What I really really really love is that, to me, they seem to have so much more life in them that any other goji berry that I’ve tried. Positively bursting with goodness.

    Basically, these take gojis to a whole new level! Totally different to all the ones that I have tried before. Problem is, I'm not sure how I'll be able to settle for any others!

  • Which Sweetener? A Romp Through the Garden of Low GI Delights

    Super Sweeteners

    There is an amazing selection of natural and raw sweeteners available to us and while it’s great to have choices, it’s helpful to have some basis on which to make those choices.  For me, it comes down to taste, texture, how natural it is and most importantly, what impact it has on my blood sugar because I’m prone to candida.

    For those of us with blood sugar sensitivity, the Glycaemic Index (GI) of a sweetener is a useful guide to how much trouble we’re going to be in if we use it regularly or in larger amounts.  The GI scale gives an idea of how big an impact foods that contain carbohydrate have on blood sugar.  As a rule of thumb, foods with a GI of 50 or less are generally considered to be ‘low glycaemic’ though I personally try to avoid anything much over 30 unless it’s for an occasional treat.  It’s a personal thing though – try things for yourself and see how they affect you.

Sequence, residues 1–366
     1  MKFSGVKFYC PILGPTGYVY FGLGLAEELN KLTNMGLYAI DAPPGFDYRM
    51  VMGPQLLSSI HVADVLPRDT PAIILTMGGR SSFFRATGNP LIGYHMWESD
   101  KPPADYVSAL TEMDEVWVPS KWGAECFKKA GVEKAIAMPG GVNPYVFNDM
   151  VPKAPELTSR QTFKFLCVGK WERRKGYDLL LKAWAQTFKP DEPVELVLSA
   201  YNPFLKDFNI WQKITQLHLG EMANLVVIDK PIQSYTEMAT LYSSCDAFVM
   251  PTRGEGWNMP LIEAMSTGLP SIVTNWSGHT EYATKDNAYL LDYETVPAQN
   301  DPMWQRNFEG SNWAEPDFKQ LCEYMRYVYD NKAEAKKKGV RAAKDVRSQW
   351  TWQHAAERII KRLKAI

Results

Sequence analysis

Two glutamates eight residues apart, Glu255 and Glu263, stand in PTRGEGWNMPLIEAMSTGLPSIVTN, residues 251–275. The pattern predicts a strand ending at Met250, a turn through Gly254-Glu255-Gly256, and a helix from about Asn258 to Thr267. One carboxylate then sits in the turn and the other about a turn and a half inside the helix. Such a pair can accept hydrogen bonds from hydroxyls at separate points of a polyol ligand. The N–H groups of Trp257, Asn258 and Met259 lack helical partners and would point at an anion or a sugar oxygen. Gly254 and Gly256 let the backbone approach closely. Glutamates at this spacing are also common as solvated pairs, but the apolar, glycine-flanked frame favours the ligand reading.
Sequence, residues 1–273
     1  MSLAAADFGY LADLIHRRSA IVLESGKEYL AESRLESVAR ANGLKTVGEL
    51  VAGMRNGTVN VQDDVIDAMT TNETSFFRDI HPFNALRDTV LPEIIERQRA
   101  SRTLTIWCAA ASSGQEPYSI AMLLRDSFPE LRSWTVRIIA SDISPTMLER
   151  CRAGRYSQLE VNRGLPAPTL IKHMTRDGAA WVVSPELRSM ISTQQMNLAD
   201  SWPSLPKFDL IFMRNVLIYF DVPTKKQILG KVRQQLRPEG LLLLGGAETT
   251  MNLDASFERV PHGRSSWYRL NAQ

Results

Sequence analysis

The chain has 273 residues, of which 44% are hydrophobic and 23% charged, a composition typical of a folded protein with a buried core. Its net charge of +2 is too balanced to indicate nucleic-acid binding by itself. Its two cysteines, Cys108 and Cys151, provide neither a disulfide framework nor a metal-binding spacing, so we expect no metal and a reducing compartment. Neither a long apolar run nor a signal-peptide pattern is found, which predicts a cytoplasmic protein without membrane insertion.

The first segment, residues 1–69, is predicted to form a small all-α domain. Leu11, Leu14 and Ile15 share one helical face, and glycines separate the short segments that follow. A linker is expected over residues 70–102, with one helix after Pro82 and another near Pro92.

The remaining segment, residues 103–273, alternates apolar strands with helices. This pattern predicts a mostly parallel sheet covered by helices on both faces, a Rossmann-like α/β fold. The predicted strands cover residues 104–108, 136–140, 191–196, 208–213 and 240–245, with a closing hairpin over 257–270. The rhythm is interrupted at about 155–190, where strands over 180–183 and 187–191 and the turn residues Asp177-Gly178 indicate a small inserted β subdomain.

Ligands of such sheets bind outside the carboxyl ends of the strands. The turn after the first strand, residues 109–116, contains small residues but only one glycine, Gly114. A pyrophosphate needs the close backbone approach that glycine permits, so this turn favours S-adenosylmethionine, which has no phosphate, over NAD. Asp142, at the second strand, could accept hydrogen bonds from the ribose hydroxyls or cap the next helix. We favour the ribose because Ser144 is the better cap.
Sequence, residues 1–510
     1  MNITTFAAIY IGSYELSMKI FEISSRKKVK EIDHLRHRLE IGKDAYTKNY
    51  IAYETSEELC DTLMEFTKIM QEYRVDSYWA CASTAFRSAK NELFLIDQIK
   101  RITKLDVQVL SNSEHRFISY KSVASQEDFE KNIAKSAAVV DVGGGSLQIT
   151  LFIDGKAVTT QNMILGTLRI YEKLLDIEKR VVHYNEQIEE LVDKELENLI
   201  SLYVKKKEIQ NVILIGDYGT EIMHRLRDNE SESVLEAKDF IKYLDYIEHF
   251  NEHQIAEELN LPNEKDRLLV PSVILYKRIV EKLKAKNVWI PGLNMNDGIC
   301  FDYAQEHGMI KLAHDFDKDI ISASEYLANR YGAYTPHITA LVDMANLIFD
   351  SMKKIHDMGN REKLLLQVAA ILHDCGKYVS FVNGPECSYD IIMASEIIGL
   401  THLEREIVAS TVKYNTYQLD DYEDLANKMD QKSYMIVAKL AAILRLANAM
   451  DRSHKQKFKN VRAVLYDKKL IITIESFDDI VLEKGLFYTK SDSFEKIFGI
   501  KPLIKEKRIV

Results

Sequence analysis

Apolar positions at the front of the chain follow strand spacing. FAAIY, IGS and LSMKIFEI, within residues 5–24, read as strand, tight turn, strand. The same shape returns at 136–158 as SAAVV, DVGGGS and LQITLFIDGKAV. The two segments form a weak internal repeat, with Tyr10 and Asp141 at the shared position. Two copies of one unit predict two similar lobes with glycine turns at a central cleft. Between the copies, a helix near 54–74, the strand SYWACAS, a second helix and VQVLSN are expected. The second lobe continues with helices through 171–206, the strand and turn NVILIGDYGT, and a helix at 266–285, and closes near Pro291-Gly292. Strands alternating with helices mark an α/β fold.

So looking at our array of goodies, what do we pick?  Let’s start with honey, that most natural of sweet treats.  If your blood sugar levels are robust and you’re not a strict vegan then honey is the biz.  Human beings are designed to eat it, are indeed privileged to eat it – it’s full of enzymes and other good stuff and is associated with good health and longevity.  The GI varies from honey to honey but it’s generally around the 50 mark so a bit high for me in my current state but I hope one day soon to be able to enjoy it regularly.  It’s worth trying to get raw local honey.  It helps our immune system if the honey is made from the nectar of plants in our local area.